If You Want a Job in Advertising, Buy a Diary

Why I Look at a Job Applicant's Blog Before I Check Out His or Her Work

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Bart Cleveland
Bart Cleveland
Have you noticed that some people have decided that the web is the replacement for the tried and true diary? It's the place where you can write your deepest thoughts and fears, your most angry rants and your most insecure feelings, and then turn a little brass key in its lock and tuck the little book away in a secret place that your bratty little brother and no one else can find it.

The danger of unrestrained bombast on the internet has been written about frequently. You would think it would sink into heads that what is written there is for everyone, including those you want to impress and persuade.

When considering a potential employee, the first place I now go before looking at the person's work is their blog or Facebook page or wherever else they live online. Within minutes, I know a lot about the person's character. And, for me, that is the number one qualification that must pass muster.

A recent example: A potential hire had a blog link on their website. Click, and what do I learn? Ah, you really think a lot of yourself, don't you? And it frustrates you to no end that the people you work with, particularly your boss, haven't a clue of their shortcomings. Fortunately, your blog allows everyone to read, with expletives to enhance your thoughts, how fed up you are with your job.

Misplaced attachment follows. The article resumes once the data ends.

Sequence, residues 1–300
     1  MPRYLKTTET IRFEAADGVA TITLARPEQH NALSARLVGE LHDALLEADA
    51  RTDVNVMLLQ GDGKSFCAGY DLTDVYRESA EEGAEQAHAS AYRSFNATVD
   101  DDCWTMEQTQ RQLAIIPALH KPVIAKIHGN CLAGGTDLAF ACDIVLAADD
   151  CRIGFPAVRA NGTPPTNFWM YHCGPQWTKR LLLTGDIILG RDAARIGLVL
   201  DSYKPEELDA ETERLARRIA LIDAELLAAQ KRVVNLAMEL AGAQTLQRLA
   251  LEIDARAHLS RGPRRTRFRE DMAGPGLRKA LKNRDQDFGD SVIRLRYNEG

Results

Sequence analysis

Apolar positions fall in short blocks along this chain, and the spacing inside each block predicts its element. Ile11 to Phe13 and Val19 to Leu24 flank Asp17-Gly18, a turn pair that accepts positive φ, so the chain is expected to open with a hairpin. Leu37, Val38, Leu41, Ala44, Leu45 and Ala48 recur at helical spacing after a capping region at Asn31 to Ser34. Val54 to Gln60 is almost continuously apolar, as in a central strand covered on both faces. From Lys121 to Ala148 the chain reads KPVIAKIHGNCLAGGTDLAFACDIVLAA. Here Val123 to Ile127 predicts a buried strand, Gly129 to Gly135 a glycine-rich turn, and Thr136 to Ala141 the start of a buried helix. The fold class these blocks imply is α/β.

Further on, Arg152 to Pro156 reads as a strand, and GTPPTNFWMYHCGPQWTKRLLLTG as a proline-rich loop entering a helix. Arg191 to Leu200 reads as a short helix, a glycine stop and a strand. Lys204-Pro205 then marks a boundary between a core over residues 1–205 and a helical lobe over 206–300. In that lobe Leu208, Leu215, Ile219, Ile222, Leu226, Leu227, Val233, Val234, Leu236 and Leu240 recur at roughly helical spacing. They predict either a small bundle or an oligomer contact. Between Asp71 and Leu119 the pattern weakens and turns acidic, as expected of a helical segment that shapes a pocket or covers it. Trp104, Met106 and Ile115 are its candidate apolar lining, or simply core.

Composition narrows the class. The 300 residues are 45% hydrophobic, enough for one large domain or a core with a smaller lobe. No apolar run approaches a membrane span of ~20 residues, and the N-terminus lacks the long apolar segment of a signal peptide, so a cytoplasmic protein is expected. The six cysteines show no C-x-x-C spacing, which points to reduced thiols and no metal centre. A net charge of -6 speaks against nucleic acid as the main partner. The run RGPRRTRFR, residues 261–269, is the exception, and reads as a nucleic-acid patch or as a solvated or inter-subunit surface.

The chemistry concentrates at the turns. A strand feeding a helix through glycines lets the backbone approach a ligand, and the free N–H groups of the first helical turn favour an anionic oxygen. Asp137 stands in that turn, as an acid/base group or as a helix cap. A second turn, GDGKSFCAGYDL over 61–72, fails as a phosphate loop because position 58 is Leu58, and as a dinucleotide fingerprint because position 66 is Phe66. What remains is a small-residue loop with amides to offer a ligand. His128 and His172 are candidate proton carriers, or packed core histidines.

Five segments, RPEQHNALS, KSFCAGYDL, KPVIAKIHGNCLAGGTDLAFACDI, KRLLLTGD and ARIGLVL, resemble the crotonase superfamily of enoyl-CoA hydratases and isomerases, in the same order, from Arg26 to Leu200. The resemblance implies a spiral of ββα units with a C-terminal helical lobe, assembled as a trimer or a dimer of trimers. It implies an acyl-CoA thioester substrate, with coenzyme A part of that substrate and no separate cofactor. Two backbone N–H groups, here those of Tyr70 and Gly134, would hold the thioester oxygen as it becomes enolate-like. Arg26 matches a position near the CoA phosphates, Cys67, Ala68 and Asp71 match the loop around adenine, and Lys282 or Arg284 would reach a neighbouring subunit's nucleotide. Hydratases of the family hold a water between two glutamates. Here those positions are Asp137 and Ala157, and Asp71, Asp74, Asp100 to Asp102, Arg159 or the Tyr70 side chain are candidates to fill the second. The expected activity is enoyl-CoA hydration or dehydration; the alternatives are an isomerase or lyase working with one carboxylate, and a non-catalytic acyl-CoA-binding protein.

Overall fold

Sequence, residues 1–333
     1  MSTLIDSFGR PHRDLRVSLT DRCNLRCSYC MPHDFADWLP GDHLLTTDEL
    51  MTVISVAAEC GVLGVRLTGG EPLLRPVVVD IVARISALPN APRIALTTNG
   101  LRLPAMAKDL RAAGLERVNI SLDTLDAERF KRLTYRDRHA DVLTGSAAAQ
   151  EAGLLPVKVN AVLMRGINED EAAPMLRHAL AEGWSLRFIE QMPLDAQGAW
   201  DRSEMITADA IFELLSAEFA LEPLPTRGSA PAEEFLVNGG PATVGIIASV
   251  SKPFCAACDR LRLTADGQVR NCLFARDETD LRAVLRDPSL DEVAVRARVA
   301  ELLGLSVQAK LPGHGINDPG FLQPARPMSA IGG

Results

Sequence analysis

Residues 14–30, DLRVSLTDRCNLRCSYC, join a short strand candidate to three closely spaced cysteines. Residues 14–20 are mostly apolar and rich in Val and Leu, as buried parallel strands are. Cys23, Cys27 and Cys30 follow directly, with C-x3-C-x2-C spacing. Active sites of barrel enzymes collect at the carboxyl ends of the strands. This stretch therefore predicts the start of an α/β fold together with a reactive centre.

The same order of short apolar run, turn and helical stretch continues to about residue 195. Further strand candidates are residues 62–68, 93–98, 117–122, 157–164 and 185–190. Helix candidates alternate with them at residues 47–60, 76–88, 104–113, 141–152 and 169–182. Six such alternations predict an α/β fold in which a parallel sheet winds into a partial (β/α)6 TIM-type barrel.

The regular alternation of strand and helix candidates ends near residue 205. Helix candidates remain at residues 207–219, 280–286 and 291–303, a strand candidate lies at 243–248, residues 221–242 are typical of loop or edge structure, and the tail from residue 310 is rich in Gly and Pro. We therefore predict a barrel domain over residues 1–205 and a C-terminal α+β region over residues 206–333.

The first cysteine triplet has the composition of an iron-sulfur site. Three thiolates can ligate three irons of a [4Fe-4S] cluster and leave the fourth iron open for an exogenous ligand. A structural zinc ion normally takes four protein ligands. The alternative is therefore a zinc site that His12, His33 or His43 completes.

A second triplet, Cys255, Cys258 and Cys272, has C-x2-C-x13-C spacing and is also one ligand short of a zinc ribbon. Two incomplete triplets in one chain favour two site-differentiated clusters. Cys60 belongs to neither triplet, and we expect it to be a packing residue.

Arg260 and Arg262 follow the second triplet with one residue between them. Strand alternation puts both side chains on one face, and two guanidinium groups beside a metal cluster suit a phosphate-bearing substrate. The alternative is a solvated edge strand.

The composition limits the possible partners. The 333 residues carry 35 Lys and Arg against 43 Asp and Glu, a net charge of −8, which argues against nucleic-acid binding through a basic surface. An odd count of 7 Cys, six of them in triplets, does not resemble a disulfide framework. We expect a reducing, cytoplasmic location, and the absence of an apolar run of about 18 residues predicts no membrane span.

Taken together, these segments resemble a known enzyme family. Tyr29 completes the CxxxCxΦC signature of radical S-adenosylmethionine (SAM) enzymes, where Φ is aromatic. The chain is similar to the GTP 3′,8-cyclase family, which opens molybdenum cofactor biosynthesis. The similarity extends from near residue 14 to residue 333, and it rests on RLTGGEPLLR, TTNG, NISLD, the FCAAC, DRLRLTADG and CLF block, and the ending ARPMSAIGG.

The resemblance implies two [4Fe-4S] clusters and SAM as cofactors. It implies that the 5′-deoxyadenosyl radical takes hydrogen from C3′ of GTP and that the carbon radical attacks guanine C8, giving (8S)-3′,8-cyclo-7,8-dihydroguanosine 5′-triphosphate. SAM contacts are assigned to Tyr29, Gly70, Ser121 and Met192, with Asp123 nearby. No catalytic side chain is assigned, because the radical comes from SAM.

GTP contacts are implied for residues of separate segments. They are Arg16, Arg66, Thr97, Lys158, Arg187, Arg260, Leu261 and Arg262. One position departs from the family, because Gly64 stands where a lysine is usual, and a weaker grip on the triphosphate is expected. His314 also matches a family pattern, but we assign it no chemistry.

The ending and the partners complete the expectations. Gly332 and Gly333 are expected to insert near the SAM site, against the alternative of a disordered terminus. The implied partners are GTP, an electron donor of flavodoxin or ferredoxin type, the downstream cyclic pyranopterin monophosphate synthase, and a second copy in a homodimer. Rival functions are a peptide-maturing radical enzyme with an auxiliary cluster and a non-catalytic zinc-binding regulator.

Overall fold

I kid you not. This was the subject of several entries on this person's blog. As I read a few more rants, I thought that surely the writer felt this blog was a secret? I mean, it shared that the blogger couldn't wait to find a new job, felt sorely overworked and underappreciated and that co-workers were not able to accept blunt criticism.

The person reminded me of someone that had been in the trenches too long and really needed to find another line of work. The only thing is, this person is just starting their career.

This is sad. I'm sure there are redeeming qualities and talents. But being unprofessional in a public forum discounts those qualities, because no one wants to hire trouble. Someone told me that this is just part of the new generation's way of expressing themselves. Bunk. I have a lot of young people working for me, and none of them would be this undisciplined and unprofessional. This is about the individual, not the generation.

What we say comes from the heart. We may not always think it through, but our character is ultimately displayed through a culmination of actions and particularly our words. I fear this person is in for a very frustrating life. They seem deluded into thinking the problems they face are always caused by others. Any professional potential, due to talent or energy and even work ethic, is lost to pride.

I guess the only thing left to say is this: If you know someone using the internet as a personal diary, you would be their friend to tell them it's not a very good one.

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